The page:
It would take five pairs of hands and feet for me to count the number of family road trips I embarked on as a child. My family and I would load up our van and drive everywhere; we explored everywhere from Florida to New York City!
Road trips, whether they be taken with family or friends, have been a staple of American culture for decades. There is an undeniable appeal for many to take the adventure and see the beautiful country sides, mountain towns, and valleys that the United States have to offer. While many families can plan a road trip with no second thought, many other families have become mindful of the sensory demands that a road trip has on their child.
Road trips come with sensory demands in many forms: visual, tactile, auditory, proprioceptive and vestibular. Road trips also bring the possibility of car sickness. Nausea can be precipitated by head motion. Car sickness, specifically, is caused by the discord within the brain’s ability to process movement with visual input. For example, your visual system says you are moving as the landscape passes by; however, your body and the proprioceptive receptors of the brain say you are sitting still. As your sensory receptors cannot find a way to process both sides of the sensory input, your body begins to have a visceral reaction, leading to nausea. Another example occurs as you are trying to read a book in the car; your eyes are stationary on the book while the fluid in your ear canals are moving as the car goes over bumps and the car accelerates/decelerates; your brain has difficulty in processing if you are moving or if you are stationary as the input it is receiving does not match up.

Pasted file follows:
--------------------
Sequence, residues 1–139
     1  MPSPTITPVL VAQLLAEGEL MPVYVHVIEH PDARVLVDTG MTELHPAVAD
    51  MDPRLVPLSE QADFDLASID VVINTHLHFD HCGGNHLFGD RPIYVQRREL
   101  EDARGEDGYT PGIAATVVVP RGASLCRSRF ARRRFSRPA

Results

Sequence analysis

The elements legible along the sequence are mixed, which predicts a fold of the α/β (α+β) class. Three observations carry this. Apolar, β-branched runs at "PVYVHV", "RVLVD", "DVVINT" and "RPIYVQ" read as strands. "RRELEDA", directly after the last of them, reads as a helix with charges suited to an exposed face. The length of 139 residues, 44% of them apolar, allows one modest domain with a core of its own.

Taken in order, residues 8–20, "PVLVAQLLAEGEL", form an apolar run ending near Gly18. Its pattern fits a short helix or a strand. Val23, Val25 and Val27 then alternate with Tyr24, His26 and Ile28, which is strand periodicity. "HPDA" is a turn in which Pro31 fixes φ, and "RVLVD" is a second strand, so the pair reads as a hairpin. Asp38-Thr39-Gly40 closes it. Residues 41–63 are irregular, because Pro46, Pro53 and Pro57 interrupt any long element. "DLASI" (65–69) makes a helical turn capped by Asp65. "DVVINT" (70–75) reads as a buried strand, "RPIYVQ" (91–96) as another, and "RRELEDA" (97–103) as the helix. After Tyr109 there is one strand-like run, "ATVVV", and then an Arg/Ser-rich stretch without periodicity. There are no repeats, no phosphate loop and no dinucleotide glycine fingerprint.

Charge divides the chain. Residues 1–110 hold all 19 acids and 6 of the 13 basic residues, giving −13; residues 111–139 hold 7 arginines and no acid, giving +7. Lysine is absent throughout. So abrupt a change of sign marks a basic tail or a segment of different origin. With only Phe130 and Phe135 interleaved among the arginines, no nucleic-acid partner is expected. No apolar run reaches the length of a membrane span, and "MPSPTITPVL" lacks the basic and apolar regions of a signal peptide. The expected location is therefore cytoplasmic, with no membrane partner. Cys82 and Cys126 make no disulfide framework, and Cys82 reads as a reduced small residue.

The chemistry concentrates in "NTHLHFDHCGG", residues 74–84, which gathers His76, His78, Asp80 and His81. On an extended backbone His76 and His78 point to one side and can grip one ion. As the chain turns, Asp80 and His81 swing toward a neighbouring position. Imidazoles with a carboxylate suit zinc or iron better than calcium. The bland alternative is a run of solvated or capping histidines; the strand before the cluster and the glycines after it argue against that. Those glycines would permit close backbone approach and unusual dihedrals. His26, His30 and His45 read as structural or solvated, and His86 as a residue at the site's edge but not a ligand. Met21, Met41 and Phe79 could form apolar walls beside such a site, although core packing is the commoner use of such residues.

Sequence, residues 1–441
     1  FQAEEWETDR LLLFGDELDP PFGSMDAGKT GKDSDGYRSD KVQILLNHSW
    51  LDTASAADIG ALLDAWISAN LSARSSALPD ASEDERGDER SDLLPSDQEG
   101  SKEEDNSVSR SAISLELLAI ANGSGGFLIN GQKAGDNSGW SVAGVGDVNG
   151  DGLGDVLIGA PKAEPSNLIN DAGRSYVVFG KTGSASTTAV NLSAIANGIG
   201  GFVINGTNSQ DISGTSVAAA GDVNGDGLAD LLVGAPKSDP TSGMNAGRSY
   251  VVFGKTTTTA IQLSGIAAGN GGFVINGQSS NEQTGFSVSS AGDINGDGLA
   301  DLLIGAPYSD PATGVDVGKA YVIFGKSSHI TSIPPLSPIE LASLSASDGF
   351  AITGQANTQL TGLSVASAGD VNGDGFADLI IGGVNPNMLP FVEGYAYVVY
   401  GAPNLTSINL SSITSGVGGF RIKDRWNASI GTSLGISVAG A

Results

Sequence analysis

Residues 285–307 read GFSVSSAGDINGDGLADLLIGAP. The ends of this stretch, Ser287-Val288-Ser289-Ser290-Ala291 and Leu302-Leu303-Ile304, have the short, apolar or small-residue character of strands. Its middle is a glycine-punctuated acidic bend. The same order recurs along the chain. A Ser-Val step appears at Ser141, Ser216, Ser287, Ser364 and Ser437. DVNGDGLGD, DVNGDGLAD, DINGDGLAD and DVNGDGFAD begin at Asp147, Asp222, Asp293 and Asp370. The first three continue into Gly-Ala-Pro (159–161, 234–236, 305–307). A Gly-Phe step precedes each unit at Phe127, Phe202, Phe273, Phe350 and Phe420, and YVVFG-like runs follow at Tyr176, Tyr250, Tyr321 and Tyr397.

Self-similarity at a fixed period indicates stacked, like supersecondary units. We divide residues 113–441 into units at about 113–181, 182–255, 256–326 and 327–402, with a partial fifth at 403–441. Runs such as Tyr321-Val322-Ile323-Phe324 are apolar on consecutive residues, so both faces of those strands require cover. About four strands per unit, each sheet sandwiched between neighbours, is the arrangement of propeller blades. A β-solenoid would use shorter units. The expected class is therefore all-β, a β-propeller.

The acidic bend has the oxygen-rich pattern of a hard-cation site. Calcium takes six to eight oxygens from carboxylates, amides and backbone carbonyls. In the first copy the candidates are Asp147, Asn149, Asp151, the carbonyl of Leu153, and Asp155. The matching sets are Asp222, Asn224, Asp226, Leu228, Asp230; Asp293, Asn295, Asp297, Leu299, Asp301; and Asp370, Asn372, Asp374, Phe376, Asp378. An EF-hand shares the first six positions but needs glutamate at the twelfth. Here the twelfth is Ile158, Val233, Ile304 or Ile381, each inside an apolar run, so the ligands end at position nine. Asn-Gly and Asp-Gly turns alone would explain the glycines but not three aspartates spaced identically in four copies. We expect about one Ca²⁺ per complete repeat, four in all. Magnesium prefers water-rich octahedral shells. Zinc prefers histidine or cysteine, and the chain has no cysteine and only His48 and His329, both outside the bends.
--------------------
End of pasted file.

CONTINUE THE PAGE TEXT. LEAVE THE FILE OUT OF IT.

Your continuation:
Worry not, though! Here are some sensory strategies to incorporate into this summer’s road trip agenda:
- If your child requires movement breaks, do not wait until you need a bathroom break to stop. Allow scheduled stops at rest areas or parks to stretch, jump and run. Though it may add time to your trip, it will be beneficial for your child as a means to regulate.
- If your child is visually sensitive, provide him with sunglasses or even an eye mask.
- Keep in mind that seatbelts can be difficult for children with tactile difficulties. Place a soft piece of cloth or invest in a seat belt cover to ease the tactile input.
- If your child is of age or weight, allow them to sit in the front seat to help ease motion sickness. Sitting in front helps to alleviate the vestibular input of bumps and hills in the road.
- Provide your child with calming or preferred music. Auditory input can be used to help “ground” your child and assist with self-regulation and even sleep.
- Set your child up for success with comfortable and preferred clothing. Be mindful of removing their outerwear, as well.
- Proprioceptive input via a weighted blanket will help to provide body awareness and grounding abilities to your child, serving as calming input.
- Provide your child with snacks and drinks as preferred. Nutrition and appetite have a great influence on your body’s ability to regulate and calm.